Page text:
South Carolina Electronic Signature Act
The South Carolina Electronic Signature Act, Explained
The South Carolina Electronic Signature Act, Explained…
South Carolina joined the majority of the US in passing the UETA act for the regulation of electronic signing and electronic transactions.
The eSign act is known as federal law.
What are the eSign & UETA Acts?
In the ESIGN and UETA acts, there are four major requirements for an electronic signature to be recognized as legal under U.S. law.
The UETA & eSign requirements for South Carolina are:
1) Intent to Sign
No different than a wet signature, e-signatures are only considered valid if a user demonstrates a clear intent to sign which Signable provides.
3) Clear signature association
Signable provides a clear and detailed audit trail that provides clear signature association once everyone has signed a document.
Everyone involved receives an email that includes the completed electronic document attached as a PDF and a certificate of signature.
The certificate of signature is an important document that includes important information including:
- Who each signing party is
- Dates, time stamps, IP addresses and fingerprints
- A full audit log or audit trail
2) Consent to do business electronically
There must be expressed or implied consent from the signing parties to do business electronically. Signers also have the option to opt-out.
4) Record retention
E-signature records are only valid as long as they can be reproduced if required. Signable provides a signed copy via PDF and allows parties to download the document when required.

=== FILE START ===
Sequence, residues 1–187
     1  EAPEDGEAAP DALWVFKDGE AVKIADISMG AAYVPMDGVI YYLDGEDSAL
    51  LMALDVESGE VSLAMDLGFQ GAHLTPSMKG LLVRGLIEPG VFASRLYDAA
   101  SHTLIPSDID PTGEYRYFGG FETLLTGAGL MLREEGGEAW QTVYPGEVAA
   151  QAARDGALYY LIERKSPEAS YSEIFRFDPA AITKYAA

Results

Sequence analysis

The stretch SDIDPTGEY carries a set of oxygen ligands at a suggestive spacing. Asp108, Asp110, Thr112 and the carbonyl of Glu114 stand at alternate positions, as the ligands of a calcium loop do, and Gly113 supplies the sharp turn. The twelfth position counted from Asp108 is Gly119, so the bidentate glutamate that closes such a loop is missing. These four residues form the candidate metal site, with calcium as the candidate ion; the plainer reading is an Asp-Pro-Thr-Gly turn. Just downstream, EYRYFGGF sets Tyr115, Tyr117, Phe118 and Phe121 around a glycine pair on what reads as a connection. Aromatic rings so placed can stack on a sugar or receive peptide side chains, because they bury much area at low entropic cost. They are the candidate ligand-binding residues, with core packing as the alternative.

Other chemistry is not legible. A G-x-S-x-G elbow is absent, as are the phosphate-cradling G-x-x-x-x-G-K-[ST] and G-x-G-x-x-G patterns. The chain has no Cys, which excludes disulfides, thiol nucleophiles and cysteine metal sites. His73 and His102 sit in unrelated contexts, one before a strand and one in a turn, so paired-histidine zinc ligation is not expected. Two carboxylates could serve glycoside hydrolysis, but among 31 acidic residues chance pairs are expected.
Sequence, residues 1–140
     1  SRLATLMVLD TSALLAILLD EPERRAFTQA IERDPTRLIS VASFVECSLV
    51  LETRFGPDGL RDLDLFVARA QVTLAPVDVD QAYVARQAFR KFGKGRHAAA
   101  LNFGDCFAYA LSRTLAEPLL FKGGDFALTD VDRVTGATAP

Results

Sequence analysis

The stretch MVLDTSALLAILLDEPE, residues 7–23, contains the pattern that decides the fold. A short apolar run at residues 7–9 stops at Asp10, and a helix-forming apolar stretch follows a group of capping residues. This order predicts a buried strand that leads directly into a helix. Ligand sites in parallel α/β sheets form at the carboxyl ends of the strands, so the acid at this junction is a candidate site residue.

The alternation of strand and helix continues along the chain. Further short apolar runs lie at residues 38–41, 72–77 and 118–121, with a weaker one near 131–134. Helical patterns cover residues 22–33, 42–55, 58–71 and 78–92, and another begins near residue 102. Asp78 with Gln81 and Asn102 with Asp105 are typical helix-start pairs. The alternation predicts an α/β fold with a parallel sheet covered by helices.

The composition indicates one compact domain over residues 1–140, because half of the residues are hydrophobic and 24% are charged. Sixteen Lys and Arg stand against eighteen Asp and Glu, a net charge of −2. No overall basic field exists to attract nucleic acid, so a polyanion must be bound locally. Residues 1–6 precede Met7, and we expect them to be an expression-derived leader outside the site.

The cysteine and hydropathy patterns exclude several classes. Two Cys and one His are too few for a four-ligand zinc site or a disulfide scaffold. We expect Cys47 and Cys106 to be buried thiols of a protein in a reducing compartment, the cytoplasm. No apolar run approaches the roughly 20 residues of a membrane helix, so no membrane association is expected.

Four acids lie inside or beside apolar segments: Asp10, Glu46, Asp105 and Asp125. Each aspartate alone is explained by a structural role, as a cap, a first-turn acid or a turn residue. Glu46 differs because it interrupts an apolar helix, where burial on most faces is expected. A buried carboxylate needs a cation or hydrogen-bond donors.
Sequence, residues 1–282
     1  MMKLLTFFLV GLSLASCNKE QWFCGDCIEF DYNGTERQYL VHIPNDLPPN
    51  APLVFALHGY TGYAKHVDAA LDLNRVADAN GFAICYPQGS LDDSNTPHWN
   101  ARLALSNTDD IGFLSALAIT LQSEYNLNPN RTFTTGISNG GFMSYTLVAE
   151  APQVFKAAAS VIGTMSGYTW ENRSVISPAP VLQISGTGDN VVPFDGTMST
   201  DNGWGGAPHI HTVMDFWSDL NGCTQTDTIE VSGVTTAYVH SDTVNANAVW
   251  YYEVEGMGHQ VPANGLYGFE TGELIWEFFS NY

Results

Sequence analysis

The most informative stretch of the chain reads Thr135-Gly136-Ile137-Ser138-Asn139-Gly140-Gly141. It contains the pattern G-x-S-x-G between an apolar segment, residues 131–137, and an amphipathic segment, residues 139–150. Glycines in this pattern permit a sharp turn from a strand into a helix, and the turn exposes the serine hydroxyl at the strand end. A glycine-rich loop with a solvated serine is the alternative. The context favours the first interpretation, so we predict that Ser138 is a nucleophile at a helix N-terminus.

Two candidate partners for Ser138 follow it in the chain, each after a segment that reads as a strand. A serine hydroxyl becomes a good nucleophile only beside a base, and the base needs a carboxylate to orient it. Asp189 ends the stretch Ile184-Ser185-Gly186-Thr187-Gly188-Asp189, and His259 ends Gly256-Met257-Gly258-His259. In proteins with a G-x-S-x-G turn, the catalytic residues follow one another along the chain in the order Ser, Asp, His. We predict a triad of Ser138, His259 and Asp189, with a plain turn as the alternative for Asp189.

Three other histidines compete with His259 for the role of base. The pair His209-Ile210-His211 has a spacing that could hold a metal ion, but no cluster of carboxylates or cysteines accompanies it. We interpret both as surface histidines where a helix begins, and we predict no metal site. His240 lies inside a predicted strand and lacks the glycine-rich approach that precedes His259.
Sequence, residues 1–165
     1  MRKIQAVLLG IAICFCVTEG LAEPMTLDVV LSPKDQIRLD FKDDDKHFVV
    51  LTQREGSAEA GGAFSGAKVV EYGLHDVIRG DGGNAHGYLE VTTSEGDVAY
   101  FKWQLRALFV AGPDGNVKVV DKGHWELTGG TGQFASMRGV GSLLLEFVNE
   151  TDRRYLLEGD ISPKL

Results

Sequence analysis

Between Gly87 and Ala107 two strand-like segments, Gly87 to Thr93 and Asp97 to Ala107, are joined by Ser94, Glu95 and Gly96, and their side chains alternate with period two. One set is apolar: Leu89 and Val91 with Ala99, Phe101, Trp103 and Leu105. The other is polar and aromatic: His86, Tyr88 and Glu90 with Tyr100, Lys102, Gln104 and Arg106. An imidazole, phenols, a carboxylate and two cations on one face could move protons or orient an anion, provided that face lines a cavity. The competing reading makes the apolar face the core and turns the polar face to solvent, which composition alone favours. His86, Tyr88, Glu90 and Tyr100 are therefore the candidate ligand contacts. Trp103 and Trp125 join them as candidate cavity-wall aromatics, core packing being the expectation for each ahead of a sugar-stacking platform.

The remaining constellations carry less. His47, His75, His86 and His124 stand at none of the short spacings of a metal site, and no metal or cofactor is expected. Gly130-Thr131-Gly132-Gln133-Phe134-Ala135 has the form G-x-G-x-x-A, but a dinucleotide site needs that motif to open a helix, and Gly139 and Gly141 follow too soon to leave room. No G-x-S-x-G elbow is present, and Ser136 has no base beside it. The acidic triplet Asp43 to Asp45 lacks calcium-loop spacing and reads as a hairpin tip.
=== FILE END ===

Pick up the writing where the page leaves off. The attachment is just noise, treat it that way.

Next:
Signable provides all of the above, meaning that you can trust your documents will be legally binding in the US.
It’s worth noting that in the US electronic signatures and digital signatures are both popular and we provide e-signature services.
You can find out more about the difference between an electronic signature and a digital signature here.
What documents can’t be signed under these laws?
We’ll include a link to the full list of documents that are currently not available for electronic signing in the US. But, to name a few:
- Documents relating to adoption, divorce and other family law matters
- Some types of real estate transfer documents and other real estate agreements
- Court orders, notices, and other court documents like pleadings and motions
- Some types of powers of attorney
- Wills, codicils, and testamentary trusts
- It’s also worth noting that last year the Uniform Law Commission declared eSignatures legal for wills BUT only in some states, so follow the link we’ll include somewhere below to see if will eSignatures are legal your state.